View Health for further details on healthcare in Namibia.
COVID-19 vaccines if you live in Namibia
We will update this page when the Government of Namibia announces new information on the national vaccination programme. You can sign up to get email notifications when this page is updated.
The Namibia national vaccination programme started in March 2021 and is using the AstraZeneca, Sinopharm, Pfizer, Jansen & Johnson, and Sputnik vaccines. The Government of Namibia has stated that British nationals resident in Namibia are eligible for vaccination if they choose to join the programme. Further information on the vaccination programme is available on the Government of Namibia Ministry of Health and Social Services website and their Facebook page.
Find out more, including about vaccines that are authorised in the UK or approved by the World Health Organisation, on the COVID-19 vaccines if you live abroad.
If you’re a British national living in Namibia, you should seek medical advice from your local healthcare provider. Information about COVID-19 vaccines used in the national programme where you live, including regulatory status, should be available from local authorities.
For information on financial support you can access whilst abroad, visit our financial assistance guidance.
Help and support
If you need urgent consular assistance, you can contact the British High Commission on +264 61 274800.
Muggers in Windhoek often target foreign tourists. Attacks can take place even in busy city centre locations in broad daylight. Be alert to your surroundings if you are returning to your guest house or hotel, especially after dark.
Keep car doors locked and windows shut, especially in heavy traffic. Keep valuables off the seats and out of sight. Gangs sometimes try to gain entry to vehicles at busy intersections in Windhoek, including during the day. Theft from vehicles, particularly at service stations, is common. If possible don’t leave your vehicle unattended at fuel stops.
There have been reports of thefts from mail by Post Office workers in Namibia. Any valuable parcels or documents (eg bank and credit cards) should be sent by registered mail, and preferably by a reputable commercial courier company.
Don’t hail taxis from the street, particularly in Windhoek, as these have been involved in thefts from foreign tourists. Ask your hotel, guest house or tour operator to recommend a reputable taxi company. Don’t enter townships at night unless you are accompanied by someone with local knowledge.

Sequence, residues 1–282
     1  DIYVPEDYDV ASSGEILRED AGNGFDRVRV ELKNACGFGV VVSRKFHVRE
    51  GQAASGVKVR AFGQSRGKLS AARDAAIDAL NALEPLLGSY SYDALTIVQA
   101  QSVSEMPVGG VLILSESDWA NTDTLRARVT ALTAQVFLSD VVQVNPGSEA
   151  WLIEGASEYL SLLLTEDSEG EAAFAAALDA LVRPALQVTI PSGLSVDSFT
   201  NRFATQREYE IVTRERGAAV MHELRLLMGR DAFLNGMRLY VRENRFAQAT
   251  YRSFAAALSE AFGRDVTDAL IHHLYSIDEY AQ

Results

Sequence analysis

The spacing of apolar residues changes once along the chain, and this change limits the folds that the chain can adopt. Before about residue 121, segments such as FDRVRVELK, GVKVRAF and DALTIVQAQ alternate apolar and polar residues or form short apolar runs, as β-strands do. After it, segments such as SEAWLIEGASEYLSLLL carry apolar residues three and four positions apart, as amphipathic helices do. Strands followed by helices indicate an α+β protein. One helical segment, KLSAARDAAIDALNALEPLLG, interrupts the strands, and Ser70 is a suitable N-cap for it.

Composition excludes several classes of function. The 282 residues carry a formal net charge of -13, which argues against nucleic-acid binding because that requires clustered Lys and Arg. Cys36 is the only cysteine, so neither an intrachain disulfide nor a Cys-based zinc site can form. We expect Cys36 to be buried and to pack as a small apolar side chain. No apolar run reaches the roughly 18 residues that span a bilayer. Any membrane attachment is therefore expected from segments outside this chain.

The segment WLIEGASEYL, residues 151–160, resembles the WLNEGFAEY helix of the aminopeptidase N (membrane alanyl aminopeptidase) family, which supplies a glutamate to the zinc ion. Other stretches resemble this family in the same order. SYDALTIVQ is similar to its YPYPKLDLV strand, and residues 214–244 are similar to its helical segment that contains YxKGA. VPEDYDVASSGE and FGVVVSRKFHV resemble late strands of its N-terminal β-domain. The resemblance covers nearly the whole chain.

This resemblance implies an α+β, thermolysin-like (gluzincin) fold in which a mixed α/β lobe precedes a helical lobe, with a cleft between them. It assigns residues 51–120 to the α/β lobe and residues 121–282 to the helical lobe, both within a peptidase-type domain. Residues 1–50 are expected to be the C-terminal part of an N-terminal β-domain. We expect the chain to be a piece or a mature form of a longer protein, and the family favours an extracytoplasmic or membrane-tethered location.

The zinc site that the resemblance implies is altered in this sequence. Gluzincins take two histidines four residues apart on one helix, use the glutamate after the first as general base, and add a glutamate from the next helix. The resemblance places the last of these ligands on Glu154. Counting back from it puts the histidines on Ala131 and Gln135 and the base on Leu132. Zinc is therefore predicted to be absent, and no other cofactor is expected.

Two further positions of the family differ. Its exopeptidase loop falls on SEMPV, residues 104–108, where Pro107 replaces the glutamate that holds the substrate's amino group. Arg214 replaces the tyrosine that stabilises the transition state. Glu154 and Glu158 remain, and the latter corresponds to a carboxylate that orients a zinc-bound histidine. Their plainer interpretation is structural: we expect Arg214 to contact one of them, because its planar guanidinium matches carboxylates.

Safeguard your valuables and cash. Use a hotel safe if possible. Keep large amounts of money, expensive jewellery, cameras and cell phones out of sight. Don’t change large sums of money in busy public areas. Keep copies of important documents, including passports, in a separate place. Beware of pickpockets in town centres.
There have been cases of credit card skimming at some hotels and lodges around the country. When paying by credit card, keep the card in full view at all times and always check your statement carefully.
In case of a police emergency or to report a crime in Windhoek, you can contact the Windhoek City Police Service on 061-2902911 or toll-free 302302.
If you’ll be driving in Namibia, an International Driving Permit (IDP) is recommended. From 1 February 2019, you can only get IDPs over the counter from 2,500 UK Post Offices. You will not be able to buy an IDP outside the UK, so get one before you travel.
You must carry your UK photo driving licence at all times and produce it on request at the police check points leading in and out of Windhoek and other major towns and cities. If you’re planning to hire a car, check with your car hire company for information on their requirements before you travel. If you hire a car, pay particular attention to the insurance cover provided. Most policies will not cover accidents that do not involve other vehicles or animals. Given the higher than normal probability of an accident on a gravel road because of its condition, you should take out fully comprehensive insurance on any hired vehicle. You are not allowed to use a mobile phone whilst driving.
There have been a number of fatal accidents on gravel/dirt roads. Don’t exceed 80kmh on gravel. Punctures are common. If possible, carry 2 spare tyres and plenty of water.
During the rainy season (normally January to April) many gravel roads deteriorate. Check with your destination on the local road conditions before setting off. Avoid driving at night outside towns as wildlife and stray livestock pose a serious hazard.
Make sure your travel insurance covers you for any adventure activities you plan to undertake (eg quad biking, dune boarding and hot air ballooning).
Although there’s no recent history of terrorism in Namibia, attacks can’t be ruled out.
There’s a heightened threat of terrorist attack globally against UK interests and British nationals, from groups or individuals motivated by the conflict in Iraq and Syria. You should be vigilant at this time.